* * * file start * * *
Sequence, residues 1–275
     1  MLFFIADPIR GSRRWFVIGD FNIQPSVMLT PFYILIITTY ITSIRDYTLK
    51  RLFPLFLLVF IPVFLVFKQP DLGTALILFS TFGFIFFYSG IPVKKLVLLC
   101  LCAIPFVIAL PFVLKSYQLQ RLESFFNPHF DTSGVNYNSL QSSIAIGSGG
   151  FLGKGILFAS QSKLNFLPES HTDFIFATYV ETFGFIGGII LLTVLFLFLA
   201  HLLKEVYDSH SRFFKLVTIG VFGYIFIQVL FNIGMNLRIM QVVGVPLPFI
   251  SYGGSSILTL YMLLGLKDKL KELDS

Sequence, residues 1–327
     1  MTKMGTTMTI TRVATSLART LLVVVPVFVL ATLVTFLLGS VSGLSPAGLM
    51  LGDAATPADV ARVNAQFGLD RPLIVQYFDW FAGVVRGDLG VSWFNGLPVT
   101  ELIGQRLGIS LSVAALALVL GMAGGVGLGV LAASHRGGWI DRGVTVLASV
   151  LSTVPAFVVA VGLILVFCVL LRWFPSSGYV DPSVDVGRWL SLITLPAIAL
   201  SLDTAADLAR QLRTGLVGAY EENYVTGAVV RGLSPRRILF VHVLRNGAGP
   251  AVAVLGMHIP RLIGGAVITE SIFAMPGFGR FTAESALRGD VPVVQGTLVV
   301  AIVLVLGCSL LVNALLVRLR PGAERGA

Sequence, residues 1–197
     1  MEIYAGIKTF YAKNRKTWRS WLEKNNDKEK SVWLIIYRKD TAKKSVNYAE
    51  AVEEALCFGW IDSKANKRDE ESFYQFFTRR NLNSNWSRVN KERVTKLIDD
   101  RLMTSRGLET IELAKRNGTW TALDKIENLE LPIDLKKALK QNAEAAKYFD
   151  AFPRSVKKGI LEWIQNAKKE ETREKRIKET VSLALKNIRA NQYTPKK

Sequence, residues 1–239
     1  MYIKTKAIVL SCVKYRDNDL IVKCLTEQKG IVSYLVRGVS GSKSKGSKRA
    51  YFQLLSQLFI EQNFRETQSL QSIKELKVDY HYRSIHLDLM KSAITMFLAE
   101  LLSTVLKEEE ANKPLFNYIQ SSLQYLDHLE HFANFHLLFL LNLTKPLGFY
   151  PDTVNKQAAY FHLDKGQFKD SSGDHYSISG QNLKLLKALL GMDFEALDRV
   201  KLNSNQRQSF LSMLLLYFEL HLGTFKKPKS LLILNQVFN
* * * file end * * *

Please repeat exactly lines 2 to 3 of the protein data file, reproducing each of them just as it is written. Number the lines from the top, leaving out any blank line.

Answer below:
     1  MLFFIADPIR GSRRWFVIGD FNIQPSVMLT PFYILIITTY ITSIRDYTLK
    51  RLFPLFLLVF IPVFLVFKQP DLGTALILFS TFGFIFFYSG IPVKKLVLLC